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How Can I Fund My Medical Negligence Claim?6th Jun 2019

by David Simpson on 6th Jun 2019

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When you’ve suffered negligent treatment at the hands of a medical practitioner who you trusted, it is well within your rights to claim the compensation that you deserve.

However, the prospect of going to court and funding a potentially expensive claim can be very daunting indeed.

But don’t despair – it’s very unlikely you’ll have to pay for either your or the defendant’s costs. There are both protections in place and various means of funding available.

The costs involved in pursuing a claim can vary considerably, depending on a range of factors including:

  • how long the case takes to conclude
  • whether the claim is defended by the doctor and/or hospital
  • the value of the claim
  • the number and specialisms of the medical experts needed
  • the length of the trial (in the unlikely event it goes to trial).

Your total costs up to and including the trial could be as much as £100,000-£200,000. If the case is contested, the defendant’s costs are likely to be around 25% less. Fortunately, it is very rare for cases to proceed to trial as they are usually settled out of court, and so a fair estimate of costs to conclusion of the claim might be around £40,000.


Protection for Claimants

In April 2013 a new rule called Qualified One-way Cost Shifting (QOCS) was introduced to protect claimants against having to pay the defendant’s costs should the claim fail.

QOCS applies to all medical negligence cases and it means that if your claim succeeds, the defendant will be ordered to pay your legal costs.

However, if your claim fails then (subject to a few exceptions) the defendant will not be able to recover their costs from you. The exceptions include when:

  • you refuse a Part 36 settlement offer by your opponent, but you later agree, or are awarded less by the judge at trial
  • an interim costs order is made against you by the court
  • your claim is struck out in certain circumstances.


No Win, No Fee Agreements

The most common way of funding a medical negligence claim is via a ‘Conditional Fee Agreement’ (CFA), also known as a ‘no win, no fee’ agreement.

These agreements mean that you would not be required to pay any costs if the claim fails. If the claim is successful, you would pay a success fee to your solicitor, which is usually capped at a maximum of 25% of the damages awarded for injuries and past losses.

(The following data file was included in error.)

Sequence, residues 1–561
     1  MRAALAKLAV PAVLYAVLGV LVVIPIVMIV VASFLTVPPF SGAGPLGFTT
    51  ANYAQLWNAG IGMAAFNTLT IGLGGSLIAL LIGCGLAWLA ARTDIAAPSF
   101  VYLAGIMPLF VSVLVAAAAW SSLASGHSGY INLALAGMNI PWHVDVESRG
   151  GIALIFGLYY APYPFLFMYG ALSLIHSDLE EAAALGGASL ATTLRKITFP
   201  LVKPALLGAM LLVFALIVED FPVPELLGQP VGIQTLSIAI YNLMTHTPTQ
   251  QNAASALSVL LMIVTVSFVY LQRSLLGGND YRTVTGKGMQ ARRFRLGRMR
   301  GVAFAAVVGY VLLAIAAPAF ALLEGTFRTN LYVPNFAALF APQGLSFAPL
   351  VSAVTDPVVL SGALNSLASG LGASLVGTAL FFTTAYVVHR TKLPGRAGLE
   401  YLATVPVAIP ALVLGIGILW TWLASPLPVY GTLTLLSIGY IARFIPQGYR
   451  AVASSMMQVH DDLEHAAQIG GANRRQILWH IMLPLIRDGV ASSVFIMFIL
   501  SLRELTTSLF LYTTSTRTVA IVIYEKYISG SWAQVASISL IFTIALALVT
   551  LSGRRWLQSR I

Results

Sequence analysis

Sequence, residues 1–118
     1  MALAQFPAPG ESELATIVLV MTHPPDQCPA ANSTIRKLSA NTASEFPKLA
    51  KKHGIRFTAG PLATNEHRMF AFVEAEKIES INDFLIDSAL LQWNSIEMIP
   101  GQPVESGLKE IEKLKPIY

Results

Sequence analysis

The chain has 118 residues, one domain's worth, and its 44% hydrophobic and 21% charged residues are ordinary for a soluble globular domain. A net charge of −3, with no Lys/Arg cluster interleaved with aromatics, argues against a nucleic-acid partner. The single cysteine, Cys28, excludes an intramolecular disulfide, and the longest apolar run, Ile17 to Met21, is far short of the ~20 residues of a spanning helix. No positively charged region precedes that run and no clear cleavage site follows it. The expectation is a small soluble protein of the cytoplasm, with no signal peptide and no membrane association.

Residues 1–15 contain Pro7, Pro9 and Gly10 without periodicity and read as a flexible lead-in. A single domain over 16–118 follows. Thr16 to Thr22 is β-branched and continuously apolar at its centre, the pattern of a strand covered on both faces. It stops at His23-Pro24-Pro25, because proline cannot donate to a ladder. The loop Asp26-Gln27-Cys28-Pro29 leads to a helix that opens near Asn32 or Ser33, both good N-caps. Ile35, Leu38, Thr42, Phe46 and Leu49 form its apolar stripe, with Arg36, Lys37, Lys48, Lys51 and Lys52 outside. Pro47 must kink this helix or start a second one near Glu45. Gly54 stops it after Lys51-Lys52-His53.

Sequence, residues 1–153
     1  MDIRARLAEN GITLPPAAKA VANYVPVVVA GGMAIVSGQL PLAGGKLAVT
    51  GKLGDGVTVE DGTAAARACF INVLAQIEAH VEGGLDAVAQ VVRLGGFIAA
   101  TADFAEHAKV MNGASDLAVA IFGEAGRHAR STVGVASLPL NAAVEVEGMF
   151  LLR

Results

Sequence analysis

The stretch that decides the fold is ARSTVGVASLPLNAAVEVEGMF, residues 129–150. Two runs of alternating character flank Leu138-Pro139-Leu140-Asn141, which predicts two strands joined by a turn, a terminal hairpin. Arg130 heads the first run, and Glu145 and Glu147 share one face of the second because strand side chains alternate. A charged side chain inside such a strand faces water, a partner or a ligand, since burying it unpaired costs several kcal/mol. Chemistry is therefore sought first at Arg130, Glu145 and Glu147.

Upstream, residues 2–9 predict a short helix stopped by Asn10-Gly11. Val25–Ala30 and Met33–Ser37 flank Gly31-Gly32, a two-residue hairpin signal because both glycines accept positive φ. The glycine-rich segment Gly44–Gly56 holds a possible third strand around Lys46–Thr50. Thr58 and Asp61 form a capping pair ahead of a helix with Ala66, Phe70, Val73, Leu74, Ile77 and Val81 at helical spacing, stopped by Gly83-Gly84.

An After The Event (ATE) insurance policy is almost always taken out alongside a CFA. This protects you from having to pay your opponent’s costs and your any disbursements incurred as a result of your claim. However, this insurance is only available if you are sufficiently likely to win your claim. If you win your medical negligence claim, the cost of the premium for the cost of medical reports is recoverable from the defendant, however the premium for Part 36 risk is paid from your damages. The premium is usually written off if the claim fails.


Before The Event (BTE) Insurance

You may have an existing insurance policy (referred to as Before The Event or BTE insurance), perhaps linked to your house or car insurance, which can help you to fund your claim.

An advantage of having this insurance is that the you may not have to pay a success fee to your solicitor.

However, your insurer may insist that you use its panel of solicitors, who may not be located conveniently and may not be of the same high quality as a solicitor you would choose yourself. Do your research before you commit to your insurer’s solicitors; a no win, no fee agreement with your chosen solicitor could be a better option.


Legal Aid

For clinical negligence claims, Legal Aid is now only available for claims on behalf of children with a severe disability due to a neurological injury sustained during the pregnancy, birth or shortly afterwards.


Private Funding

The final option would be to fund your claim yourself. This may be a last resort if you have not been offered a no win, no fee agreement because the likelihood of your claim being successful is very low.

It’s wise to take the advice of your solicitor if they have suggested that you are not likely to win your claim, as you would be at risk of losing substantial legal costs if the claim failed. Our specialist team has many years of experience handling complex medical negligence cases and is therefore best placed to advise you on the prospects of your claim.


Learn More About Your Options

Have you suffered from medical negligence? Book a free initial chat with one of our medical negligence specialists.

This document is not intended to constitute and should not be used as a substitute for legal advice on any specific matter. No liability for the accuracy of the content of this document, or the consequences of relying on it, is assumed by the author. If you seek further information, please contact Managing Partner Neil Andrews at Coles Miller Solicitors LLP.